Meet the foreigner who can proudly speak Bekinese

(Courtesy Wil Dasovich)


The Foreigner Who Speaks Tagalog is a subject of awe. Mabuhay!” or “Mahal kita,”  when spoken by a foreign artist, can surely send fans into fits of frenzy. See: Taylor Swift and Katy Perry. It also helps if the foreigner in question is good looking, hence, the popularity of Eat Bulaga’s You’re My Foreignoy and the success of Brazilian models in local show business.  

Now that fame is just a viral video away, foreignoy-we are wholly embracing this term for the sake of this story-internet sensations become popular online, like the American who cooks adobo, the Canadian who speaks Cebuano, the Frenchman who sings Pusong Bato, and the British-Filipino boyband who shows off pranks.

As the CHED memorandum to stop teaching Filipino in college remains on hold, think about this: Do you love your mother tongue as much as this foreigner does?


The art of Tagalog

Wil Dasovich, a 24-year-old Filipino-American model, is a famous foreignoy on YouTube. He demonstrates his fluency in Tagalog and all its variations, including malalim na Tagalog, salitang kalye, and Bekinese or Tagalog gay lingo. Wil was only taking a break from his business in the US, but he ended up staying in the Philippines for good. He isn’t a household name yet. But to the followers of his YouTube channel Tsong and Tsonggo, he’s a star.

Wil started posting videos on his channel in 2014. His first video was “10 Hours of Walking in Manila,” a social experiment inspired by “10 Hours of Walking in NYC as a Woman.” Wil’s video showed how Filipinos typically treat foreigners roaming around Manila. Unlike the woman who experienced street harassment from catcallers, Wil and his friend were praised and admired by both men and women.

After the success of his first video, Wil began The Art of Tagalog series. We’ve seen plenty of white hunks, charming chinitas, and beautiful Caucasians speaking and singing in Tagalog. But seldom do we see foreigners who are good at speaking salitang kalye and Bekinese.

To date, Wil’s The Art of Tagalog series has accumulated almost half-a-million views, all thanks to viewers who enjoy watching foreigners say words like gorabels, flangak, toma, and ikasa mo men!


‘Tagalog is cool, man’

Wil is still learning how to speak Tagalog in a country that considers speaking English a status symbol. While most Filipinos say “nosebleed” to poke fun at their own (and other people’s) English skills, Wil says “balingoyngoy.” When we say “haggard,” Wil says “Haggardo Versoza.” When tambays say Wala akong pera,” Wil says Wa atik, wa datung.” And most of all, while some of us dream of having a mestizo or mestiza jowa, Wil claims that he only dates proud Tagalog speakers.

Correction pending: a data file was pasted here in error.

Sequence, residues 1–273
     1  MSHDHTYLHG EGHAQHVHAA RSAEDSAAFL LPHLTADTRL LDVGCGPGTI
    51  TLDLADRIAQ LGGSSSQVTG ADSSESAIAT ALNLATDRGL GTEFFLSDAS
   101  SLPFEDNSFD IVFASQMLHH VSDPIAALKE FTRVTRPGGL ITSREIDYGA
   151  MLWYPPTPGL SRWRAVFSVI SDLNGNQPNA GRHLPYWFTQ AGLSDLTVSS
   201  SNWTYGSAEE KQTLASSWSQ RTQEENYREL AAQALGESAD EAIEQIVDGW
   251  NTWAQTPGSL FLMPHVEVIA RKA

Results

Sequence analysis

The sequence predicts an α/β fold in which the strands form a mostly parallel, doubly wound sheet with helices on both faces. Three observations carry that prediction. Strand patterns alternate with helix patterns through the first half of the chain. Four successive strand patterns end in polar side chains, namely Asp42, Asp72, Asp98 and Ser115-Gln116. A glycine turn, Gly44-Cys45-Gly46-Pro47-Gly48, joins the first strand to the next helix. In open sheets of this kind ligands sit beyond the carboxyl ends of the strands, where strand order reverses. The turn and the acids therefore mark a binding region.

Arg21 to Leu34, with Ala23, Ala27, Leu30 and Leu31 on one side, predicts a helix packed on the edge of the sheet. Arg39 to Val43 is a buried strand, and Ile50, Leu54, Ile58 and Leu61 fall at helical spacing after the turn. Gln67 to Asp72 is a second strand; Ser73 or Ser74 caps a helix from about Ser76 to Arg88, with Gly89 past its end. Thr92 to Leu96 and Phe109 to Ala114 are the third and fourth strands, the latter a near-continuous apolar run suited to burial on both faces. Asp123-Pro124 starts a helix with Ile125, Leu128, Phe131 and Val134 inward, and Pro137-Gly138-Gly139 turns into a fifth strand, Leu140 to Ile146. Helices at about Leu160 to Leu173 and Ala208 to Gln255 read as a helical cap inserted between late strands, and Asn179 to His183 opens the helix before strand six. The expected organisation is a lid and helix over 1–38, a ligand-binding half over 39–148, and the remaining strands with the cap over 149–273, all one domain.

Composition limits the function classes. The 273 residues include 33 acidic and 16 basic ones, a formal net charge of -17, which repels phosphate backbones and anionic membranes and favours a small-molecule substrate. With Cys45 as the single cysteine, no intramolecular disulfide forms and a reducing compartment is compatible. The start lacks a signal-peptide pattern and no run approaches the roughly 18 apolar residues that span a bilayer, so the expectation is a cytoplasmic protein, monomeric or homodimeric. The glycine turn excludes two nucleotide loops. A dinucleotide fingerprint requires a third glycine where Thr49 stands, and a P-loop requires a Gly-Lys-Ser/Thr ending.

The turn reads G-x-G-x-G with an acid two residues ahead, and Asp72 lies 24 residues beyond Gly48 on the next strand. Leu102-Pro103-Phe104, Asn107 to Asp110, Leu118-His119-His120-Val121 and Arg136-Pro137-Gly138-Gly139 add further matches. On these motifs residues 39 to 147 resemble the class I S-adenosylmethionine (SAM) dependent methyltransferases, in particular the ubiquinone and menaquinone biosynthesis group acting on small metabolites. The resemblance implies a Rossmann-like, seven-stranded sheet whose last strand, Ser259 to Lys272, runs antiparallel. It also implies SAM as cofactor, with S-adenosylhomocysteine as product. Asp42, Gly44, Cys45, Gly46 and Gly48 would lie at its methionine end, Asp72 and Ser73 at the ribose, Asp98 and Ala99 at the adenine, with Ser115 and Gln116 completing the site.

“I’m trying to make it pauso that Tagalog is cool, man. Filipino is cool, all the different styles of Filipino: salitang kalye, bekinese, malalim, the true Tagalog, makata. It’s an ever-evolving language. There’s always different styles, and it’s rich in culture. You should be really proud of your own language,” Wil said.


Bold enough to speak Beki

Understanding jargon and slang is a plus, but actually speaking gay lingo is a feat of its own.

So when Wil says Bekinese phrases like Tom Jones (gu-Tom = hungry), Chanda Romero (t’yan = tummy), Mahalia Jackson (mahal = expensive), and words like wit, wiz, wititit, witchelles, witchikels, wizel, witteles, and witwitwit sabi ng ibong tiririt to mean a gazillion beki ways of saying “wala” or “nothing,” some viewers were quick to make assumptions about his sexuality.

Even the certified bekimons in his video went kyota kinabaliw (crazy) at his eloquence in Bekinese.

“That never really frightened me because I’m comfortable with my sexuality and I’m not afraid to speak the beki language. Even if people did think I was gay, I wouldn’t be offended because I don’t think being gay is a negative thing at all,” he said.

Wil’s convincing delivery of beki words has made it hard for some viewers to separate Real Wil from YouTube Wil.

“I’m a big believer in equality. I wanna show that you shouldn’t be ashamed of anything. Bekinese is another side of Tagalog that I wanna show people and make them aware of it. The play of words is really fun,” he said.

Pretty much secure of his sexuality, Wil only speaks Bekinese out of entertainment. In trutility, salitang beki is actually one of his favorite variations of Tagalog.


‘It doesn’t make you cool speaking English’